The Montreal Protocol Is Healing Earth’s Ozone Hole | June 1, 2015 Issue - Vol. 93 Issue 22 | Chemical & Engineering News
Volume 93 Issue 22 | p. 8 | News of The Week
Issue Date: June 1, 2015 | Web Date: May 28, 2015

The Montreal Protocol Is Healing Earth’s Ozone Hole

Climate Science: Study shows what the planet’s protective ozone layer might look like if destructive halocarbons had not been phased out
Department: Science & Technology | Collection: Climate Change, Sustainability
News Channels: Environmental SCENE, Analytical SCENE
Keywords: ozone, Montreal protocol, climate change, CFCs
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THINNER AT THE SOUTH POLE
The Antarctic ozone hole (values in dobson units with greater depletion in blue) as it would have been with (top) and without (bottom) the Montreal protocol.
Credit: Nat. Commun.
Model shows the Antarctic ozone hole (values in dobson units with greater depletion in blue) as it would have been with (top) and without (bottom) the Montreal protocol.
 
THINNER AT THE SOUTH POLE
The Antarctic ozone hole (values in dobson units with greater depletion in blue) as it would have been with (top) and without (bottom) the Montreal protocol.
Credit: Nat. Commun.

Saving Earth’s protective stratospheric ozone layer from destruction was a major environmental crusade 30 years ago, leading to the regulation of halocarbons and other ozone-depleting substances. But what would Earth look like today if the 1987 Montreal Protocol on Substances That Deplete the Ozone Layer—the international agreement that restricted halocarbon refrigerants, solvents, and aerosol-can propellants—had not been put into force?

The grim outcome has been predicted with an advanced atmospheric chemistry model by researchers led by Martyn P. Chipperfield of the University of Leeds, in England (Nat. Commun. 2015, DOI: 10.1038/ncomms8233). The team found that the Antarctic ozone hole would have grown by an additional 40% by 2013. Their model also predicts that continued use of ozone-depleting substances would have thinned the ozone layer elsewhere around the globe by about 15%. And Arctic ozone holes would have become a regular occurrence. The Leeds model shows that the Antarctic ozone hole is instead on track to disappear by about 2050.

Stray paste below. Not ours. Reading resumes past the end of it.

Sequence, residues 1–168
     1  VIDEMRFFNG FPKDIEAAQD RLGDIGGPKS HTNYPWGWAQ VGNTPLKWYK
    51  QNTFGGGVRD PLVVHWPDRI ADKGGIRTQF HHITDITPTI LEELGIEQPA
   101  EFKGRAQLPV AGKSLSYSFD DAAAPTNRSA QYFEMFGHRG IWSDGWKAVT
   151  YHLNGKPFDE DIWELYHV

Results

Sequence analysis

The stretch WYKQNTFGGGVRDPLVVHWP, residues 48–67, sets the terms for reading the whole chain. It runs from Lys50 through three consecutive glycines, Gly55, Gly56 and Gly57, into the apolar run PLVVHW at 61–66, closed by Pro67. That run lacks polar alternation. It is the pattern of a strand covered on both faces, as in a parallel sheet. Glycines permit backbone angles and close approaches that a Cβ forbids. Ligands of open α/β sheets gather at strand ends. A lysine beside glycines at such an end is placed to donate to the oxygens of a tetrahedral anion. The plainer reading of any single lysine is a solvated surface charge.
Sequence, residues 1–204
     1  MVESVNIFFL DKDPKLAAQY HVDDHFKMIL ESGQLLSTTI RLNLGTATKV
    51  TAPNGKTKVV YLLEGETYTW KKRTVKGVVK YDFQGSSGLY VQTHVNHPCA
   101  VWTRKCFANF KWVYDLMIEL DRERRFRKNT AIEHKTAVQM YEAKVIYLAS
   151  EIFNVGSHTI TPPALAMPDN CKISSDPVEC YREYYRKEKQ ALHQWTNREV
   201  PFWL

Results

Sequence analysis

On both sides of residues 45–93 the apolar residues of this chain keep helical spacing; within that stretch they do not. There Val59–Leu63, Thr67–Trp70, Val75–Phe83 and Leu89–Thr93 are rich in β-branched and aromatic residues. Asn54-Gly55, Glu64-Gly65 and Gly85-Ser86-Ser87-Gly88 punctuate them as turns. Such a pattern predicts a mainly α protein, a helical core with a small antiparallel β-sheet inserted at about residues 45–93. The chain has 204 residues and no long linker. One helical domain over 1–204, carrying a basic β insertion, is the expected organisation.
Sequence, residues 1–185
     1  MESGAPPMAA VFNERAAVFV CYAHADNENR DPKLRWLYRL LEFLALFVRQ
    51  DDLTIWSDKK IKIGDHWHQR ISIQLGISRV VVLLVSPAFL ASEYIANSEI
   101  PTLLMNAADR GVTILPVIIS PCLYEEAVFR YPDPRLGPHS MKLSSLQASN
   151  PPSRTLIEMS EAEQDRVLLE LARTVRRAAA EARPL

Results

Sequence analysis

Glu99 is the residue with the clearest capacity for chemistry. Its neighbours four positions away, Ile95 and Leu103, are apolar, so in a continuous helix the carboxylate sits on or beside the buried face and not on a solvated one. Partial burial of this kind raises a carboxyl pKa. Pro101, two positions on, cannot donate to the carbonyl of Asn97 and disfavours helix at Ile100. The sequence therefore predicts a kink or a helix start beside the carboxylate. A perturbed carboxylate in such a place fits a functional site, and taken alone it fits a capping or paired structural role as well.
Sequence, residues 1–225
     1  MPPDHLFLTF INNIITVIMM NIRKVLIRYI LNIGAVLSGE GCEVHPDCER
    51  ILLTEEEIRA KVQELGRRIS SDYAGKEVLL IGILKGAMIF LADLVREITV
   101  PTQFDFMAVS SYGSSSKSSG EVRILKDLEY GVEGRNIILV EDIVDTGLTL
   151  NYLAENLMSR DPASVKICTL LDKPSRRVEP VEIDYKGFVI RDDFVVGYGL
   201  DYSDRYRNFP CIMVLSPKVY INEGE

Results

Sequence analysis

“It is indeed very rewarding to read that the Montreal protocol has already had a positive effect on our planet,” says Mario J. Molina, a chemistry professor at the University of California, San Diego.

In 1974, Molina and F. Sherwood Rowland predicted how halocarbons could chew away Earth’s protective ozone layer by disrupting the sunlight-driven chain reactions that form ozone. Their prediction came true when an ozone hole was first reported over Antarctica in 1985.

For people, the danger from ozone layer depletion is increased exposure to the sun’s damaging ultraviolet radiation. Ozone depletion also contributes to global warming.

With the Montreal protocol in place, halocarbon atmospheric concentrations peaked in 1993 and have since declined. The 1995 Nobel Prize in Chemistry recognized Molina, Rowland, and Paul J. Crutzen (who worked on the role of nitrogen oxides) for their contributions toward averting an environmental catastrophe.

“The ozone story shows that once an environmental problem is identified it is possible for the scientific community to develop the necessary evidence and work together with decision-makers in government to address the challenge,” Molina tells C&EN. “That gives me hope that eventually issues such as climate change will be successfully addressed as well.”

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SUNBURNED
The Leeds model predicts that the Montreal Protocol has prevented an increase in Earth’s surface ultraviolet index of about 20% in Antarctica and about 5% in the tropics.
Credit: Nat. Commun.
The Montreal Protocol prevented an increase in Earth’s surface UV index, from about 20% over Antarctica to about 5% in the tropics.
 
SUNBURNED
The Leeds model predicts that the Montreal Protocol has prevented an increase in Earth’s surface ultraviolet index of about 20% in Antarctica and about 5% in the tropics.
Credit: Nat. Commun.
 
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Comments
Harsha Godiwalla (May 28, 2015 8:20 AM)
Hi, in addition to halocarbons, need to control the toxic chemicals generated during any type of plastic product manufacture and recyling of the plastic products.
Tom Hard (June 3, 2015 3:17 PM)
The article's statement that ozone depletion contributes to global warming is incorrect. That statement is based on the increased ultraviolet radiation that would reach the earth's surface if stratospheric ozone is removed. But the statement doesn't take into account ozone's absorption of outgoing infrared radiation from the earth's surface. Ozone's infrared absorption band is near the earth's blackbody radiation peak. Atmospheric absorption of outgoing radiation in that region raises the earth's average temperature. Thus ozone depletion makes both positive (ultraviolet) and negative (infrared) contributions to global warming. The infrared contribution is larger, so the net result of ozone depletion is global cooling.

http://earthobservatory.nasa.gov/blogs/climateqa/are-the-ozone-hole-and-global-warming-related/
Steve Ritter (June 8, 2015 6:47 AM)
Thanks for your comment, Tom. According to Martyn Chipperfield, you are right removing ozone in the stratosphere does not lead to global warming. The main effect of ozone on surface temperature is as a greenhouse gas absorbing in the infrared. However, CFCs are potent greenhouse gases, so the overall effect of depleting the ozone layer--emitting CFCs and causing ozone loss, has enhanced surface warming. As Mario Molina has described in recent years, the Montreal Protocol has been helping to reverse this.

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